First, the court relied on Ronson's own prominence as a performer. The court noted that the complaint itself alleged that Ronson "is a disc jockey who regularly performs at events involving celebrities and major corporate events and performs on entertainment shows."
Second, the court stressed the fact that Ronson chose to associate with Lohan, a celebrity, and that the statements at issue were about that relationship:
The court concludes that reports about a celebrity, or [a] person associating with one, someone who voluntarily injects herself into the public eye qualifies as being a public figure, or at a minimum, a limited public figure, and qualifies as subject matter of public interest.
Third, the court indicated that the accusation about illegal drugs, all on its own, "implicates the public interest."
Having decided that the anti-SLAPP statute applied to Levandeira's conduct, the court turned to Ronson's burden under the statute. According to the court, the anti-SLAPP law requires a plaintiff to produce evidence sufficient to survive a motion for summary judgment. For nonlawyers, this means that the plaintiff must produce sufficient evidence for each element of her claim so that there is a live factual dispute requiring decision by a jury. Under this standard, evidence is required and bald allegations of wrongdoing do not suffice.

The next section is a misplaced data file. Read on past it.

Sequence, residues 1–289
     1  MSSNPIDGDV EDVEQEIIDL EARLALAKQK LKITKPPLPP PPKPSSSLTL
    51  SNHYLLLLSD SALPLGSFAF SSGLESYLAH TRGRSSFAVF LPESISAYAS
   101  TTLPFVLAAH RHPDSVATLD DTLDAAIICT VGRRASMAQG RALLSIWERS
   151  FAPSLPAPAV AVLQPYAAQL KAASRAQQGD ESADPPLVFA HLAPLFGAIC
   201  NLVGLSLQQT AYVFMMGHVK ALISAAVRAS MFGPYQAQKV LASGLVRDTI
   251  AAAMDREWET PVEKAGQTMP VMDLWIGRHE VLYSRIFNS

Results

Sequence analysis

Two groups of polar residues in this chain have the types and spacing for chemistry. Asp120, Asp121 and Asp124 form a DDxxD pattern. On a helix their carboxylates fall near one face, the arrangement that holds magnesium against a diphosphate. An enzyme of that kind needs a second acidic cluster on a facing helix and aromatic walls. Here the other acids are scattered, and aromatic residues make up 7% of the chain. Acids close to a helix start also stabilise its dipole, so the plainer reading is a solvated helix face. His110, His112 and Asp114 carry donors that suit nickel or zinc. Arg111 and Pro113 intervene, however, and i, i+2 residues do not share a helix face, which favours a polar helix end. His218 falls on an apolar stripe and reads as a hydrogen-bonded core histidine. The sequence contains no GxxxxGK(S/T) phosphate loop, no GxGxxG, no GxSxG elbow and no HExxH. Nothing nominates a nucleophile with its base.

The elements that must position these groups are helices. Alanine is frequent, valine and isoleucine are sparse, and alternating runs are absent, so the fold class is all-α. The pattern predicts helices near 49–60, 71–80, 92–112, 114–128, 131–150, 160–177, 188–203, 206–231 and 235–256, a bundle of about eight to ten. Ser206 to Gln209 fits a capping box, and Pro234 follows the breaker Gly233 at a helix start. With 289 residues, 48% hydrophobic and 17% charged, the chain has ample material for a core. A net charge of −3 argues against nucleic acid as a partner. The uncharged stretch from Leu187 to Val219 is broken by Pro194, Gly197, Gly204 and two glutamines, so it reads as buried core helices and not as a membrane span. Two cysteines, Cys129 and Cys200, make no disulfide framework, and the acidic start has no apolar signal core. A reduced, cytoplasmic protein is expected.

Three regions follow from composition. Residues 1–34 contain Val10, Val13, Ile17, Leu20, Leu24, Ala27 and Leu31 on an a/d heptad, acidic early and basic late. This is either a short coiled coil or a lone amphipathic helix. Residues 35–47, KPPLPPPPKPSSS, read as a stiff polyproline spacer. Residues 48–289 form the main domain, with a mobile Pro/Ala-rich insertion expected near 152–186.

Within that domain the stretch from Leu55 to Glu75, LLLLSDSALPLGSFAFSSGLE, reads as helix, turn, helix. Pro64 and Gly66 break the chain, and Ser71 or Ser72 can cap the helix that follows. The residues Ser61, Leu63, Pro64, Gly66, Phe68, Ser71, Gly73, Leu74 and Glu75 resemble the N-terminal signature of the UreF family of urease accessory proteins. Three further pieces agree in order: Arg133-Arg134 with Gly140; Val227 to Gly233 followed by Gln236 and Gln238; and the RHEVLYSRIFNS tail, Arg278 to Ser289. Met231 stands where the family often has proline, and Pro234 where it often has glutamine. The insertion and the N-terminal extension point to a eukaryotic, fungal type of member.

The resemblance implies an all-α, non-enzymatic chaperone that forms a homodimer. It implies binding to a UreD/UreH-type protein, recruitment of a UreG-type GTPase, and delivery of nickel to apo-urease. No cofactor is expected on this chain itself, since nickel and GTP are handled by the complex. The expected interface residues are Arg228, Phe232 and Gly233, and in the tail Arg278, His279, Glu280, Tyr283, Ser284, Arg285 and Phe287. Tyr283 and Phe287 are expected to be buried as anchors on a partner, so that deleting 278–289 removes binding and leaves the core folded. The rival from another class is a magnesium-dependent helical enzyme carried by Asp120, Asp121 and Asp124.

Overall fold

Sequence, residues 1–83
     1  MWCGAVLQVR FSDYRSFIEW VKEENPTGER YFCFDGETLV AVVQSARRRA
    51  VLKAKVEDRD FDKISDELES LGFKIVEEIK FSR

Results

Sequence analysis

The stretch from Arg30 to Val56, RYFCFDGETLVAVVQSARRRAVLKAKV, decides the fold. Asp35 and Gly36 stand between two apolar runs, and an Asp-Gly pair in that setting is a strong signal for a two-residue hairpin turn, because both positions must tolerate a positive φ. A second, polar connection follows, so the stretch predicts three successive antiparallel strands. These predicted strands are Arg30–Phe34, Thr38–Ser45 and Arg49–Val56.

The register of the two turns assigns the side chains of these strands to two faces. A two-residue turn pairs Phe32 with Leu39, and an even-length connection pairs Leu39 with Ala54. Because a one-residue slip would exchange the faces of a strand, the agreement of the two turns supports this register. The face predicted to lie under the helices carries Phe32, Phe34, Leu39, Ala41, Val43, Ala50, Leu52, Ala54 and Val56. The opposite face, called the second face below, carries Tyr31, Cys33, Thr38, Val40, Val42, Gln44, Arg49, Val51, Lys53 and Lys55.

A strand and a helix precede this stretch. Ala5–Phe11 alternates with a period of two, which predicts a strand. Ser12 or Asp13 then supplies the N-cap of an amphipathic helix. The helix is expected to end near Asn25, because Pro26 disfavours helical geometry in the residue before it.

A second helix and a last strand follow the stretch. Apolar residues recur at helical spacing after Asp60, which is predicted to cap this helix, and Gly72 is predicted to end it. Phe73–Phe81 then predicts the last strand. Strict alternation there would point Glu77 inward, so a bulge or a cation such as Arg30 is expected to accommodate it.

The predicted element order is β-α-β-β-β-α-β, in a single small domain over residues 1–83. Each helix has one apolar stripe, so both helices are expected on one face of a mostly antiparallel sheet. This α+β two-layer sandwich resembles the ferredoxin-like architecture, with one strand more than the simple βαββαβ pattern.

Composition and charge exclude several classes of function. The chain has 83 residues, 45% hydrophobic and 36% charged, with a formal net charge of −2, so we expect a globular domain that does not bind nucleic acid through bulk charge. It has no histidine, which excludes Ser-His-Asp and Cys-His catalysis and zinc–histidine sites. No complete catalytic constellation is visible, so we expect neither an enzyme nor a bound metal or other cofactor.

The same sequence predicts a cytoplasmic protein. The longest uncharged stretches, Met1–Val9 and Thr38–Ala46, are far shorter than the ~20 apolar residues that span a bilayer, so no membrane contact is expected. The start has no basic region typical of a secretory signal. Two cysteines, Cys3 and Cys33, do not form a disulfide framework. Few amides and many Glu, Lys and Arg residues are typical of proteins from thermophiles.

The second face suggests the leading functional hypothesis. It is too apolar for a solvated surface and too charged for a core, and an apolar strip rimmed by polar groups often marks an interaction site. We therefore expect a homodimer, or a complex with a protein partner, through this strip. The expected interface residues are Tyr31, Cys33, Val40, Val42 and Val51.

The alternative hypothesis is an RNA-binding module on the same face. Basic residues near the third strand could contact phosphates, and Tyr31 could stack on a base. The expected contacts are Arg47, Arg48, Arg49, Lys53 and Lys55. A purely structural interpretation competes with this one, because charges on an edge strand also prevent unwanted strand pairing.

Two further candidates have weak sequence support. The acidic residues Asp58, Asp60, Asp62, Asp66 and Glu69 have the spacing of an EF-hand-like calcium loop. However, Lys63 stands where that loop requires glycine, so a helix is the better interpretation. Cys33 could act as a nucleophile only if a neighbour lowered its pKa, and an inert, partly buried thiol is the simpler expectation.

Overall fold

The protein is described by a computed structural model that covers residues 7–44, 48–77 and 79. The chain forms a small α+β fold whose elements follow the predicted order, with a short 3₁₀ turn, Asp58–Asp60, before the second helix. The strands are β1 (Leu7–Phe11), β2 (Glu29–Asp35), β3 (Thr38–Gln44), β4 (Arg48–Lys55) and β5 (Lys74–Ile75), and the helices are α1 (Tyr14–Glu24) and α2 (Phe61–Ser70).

The death knell for Ronson's case was the court's finding that she was a limited purpose public figure (and perhaps even a full-blown public figure). This is an important issue because, in the court's words, "if there is a public figure or limited public figure, then in order to succeed on the claim, the plaintiff has to show malice with respect to any defamatory statement made by the defendant." As with the question of "public interest," the court relied on Ronson's stature as a DJ and her relationship with Lohan in order to find that she was a public figure.
As for actual malice, the court indicated that Ronson had not submitted any evidence to show that Lavandeira knew or was reckless with regard to the falsity of his statements. In his motion to strike, Lavandeira submitted an affidavit, in which he stated, among other things, that
When I quoted the article from celebritybabylon.com on the Website on June 1, 2007 and the statement from NW magazine on June 13, 2007, I genuinely believed that the reports about Ronson were true based on all of the information that had been circulating on the Internet at the time and the information that I had received about Ronson since early 2006. When I posted these articles, I had not read, seen, or heard any information indicating the reports about Ronson were false. Since the Accident, I have not heard any reports from any source indicating that the cocaine found in Lohan's car did not belong to Ronson, that Ronson did not have a deal with photographers, or that she had not arranged photo opportunities of Lohan for photographers.
Perhaps not the most rigorous of pre-publication practices, but it was enough in this case. The court emphasized that it had given Ronson permission to take Lavandeira's deposition and to file supplemental papers, but that she had come forward with no evidence on this point.
Thanks to Bryan Freedman, Lavandeira's attorney, for providing us with a copy of the transcript, and congratulations to Bryan and Mario on a fine victory.